Fun Friday Links: Jerry Grezinger’s Never-Ending Map and Hacking Office Collaboration with Zappos
Welcome to Conspire’s Super Happy Fun Friday Link Time, a weekly collection of cool discoveries from around the Web. Most times the goal is to get you thinking differently about communication, collaboration, culture, and life in general. Other times, LOLCAT ATTACK!
Submissions are welcome, and you can send them to firstname.lastname@example.org for consideration.
“You know, the map began as just a doodle,” admits Jerry Gretzinger in the short video below. Since childhood, Gretzinger has worked obsessively on a map of an imaginary world. Today it contains over two thousand panels of cities, farms, roads, facilities, and even threatening white voids.
Not all of us have the luxury of spending our days working on personal projects, but isn’t it interesting that those of us who do often turn to such creative outlets? It’s further proof, I think, that so much of the core of life is about art and imagination and storytelling–especially when it’s in ways the creator himself can’t fully understand.
“It’s alive, it changes,” adds Gretzinger. “My hand puts the paint on the paper, and then I step back and say, ‘Wow, look at that!,’ as though I was not the perpetrator. I… I’m just the observer.”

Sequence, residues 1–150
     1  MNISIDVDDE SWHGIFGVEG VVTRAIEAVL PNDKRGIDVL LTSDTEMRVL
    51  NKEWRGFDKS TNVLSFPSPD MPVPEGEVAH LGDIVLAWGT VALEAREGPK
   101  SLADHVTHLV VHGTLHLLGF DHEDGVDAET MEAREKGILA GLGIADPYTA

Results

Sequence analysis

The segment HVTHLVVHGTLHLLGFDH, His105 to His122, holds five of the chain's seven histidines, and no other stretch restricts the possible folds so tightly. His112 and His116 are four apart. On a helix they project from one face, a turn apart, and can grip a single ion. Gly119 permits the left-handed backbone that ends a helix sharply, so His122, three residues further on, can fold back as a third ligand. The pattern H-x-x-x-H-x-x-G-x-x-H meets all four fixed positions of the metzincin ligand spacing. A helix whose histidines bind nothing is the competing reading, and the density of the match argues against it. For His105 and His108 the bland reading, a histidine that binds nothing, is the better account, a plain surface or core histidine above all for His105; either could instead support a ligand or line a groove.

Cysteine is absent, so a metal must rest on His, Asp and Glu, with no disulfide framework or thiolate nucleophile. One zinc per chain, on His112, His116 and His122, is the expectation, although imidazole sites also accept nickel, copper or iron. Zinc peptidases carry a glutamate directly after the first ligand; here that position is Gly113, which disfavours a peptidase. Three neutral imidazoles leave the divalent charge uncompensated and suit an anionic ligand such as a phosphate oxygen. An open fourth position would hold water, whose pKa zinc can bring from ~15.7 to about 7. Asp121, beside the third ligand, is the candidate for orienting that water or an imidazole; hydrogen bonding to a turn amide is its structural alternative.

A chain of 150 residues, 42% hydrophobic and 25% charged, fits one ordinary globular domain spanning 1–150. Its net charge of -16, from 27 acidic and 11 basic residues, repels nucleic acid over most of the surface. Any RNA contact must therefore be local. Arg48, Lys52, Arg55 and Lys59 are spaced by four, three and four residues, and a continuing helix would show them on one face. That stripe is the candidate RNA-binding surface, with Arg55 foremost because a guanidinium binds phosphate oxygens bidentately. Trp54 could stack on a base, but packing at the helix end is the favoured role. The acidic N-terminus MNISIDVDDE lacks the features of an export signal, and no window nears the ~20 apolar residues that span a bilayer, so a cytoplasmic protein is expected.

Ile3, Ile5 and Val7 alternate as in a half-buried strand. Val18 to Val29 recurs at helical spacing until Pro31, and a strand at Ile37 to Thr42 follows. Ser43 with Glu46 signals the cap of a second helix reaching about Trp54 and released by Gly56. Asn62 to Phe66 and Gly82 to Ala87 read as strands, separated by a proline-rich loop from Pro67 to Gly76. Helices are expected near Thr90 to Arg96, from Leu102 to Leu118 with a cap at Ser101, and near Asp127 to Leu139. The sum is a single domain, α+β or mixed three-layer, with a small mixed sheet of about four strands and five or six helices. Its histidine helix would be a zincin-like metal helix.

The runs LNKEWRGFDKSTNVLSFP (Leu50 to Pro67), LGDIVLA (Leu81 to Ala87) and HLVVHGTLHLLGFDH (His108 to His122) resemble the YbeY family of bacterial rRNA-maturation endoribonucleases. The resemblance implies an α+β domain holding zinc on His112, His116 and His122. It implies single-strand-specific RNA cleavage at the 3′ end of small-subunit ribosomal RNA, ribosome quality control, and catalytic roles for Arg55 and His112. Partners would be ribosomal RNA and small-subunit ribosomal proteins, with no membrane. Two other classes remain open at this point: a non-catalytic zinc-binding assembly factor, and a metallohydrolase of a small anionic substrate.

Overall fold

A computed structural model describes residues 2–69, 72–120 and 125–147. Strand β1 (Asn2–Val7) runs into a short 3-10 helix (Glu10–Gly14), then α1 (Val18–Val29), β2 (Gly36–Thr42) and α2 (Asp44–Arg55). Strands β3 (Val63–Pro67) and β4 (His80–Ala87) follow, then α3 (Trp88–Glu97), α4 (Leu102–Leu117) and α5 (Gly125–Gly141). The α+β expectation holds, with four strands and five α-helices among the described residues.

This September, Tony Hsieh of Zappos is moving his entire culture-crazed operation to the former City Hall of Las Vegas. The building is going through some serious renovations, including some quirky hacks of Hsieh’s:
- Power and Ethernet cords dangling from the ceiling
- Common areas > personal space
- A building layout that forces employees to cross paths, no matter their department
- Work with strangers, not your colleagues
If Jerry Gretzinger’s approach to creation and Tony Hsieh’s approach to collaboration had a baby, it would probably behave a lot like Michael Lin. The Shanghai-based artist has spent years shaking up traditional art methods by collaborating with people from different disciplines.
“In a way, most of the time I didn’t know what I was doing,” he admits. “I was just trying to find out.”
The results have been nothing short of fascinating. His latest project, “Model Home – A Proposition by Michael Lin,” simultaneously explores the process of contemporary art production and the expansion of our urban landscape. Participants included the “untrained hands” of migrant workers, as many of them painted into his own art practice the inside of the exhibition space. He also collaborated with professional architects to design a “temporary home” for the workers to live in.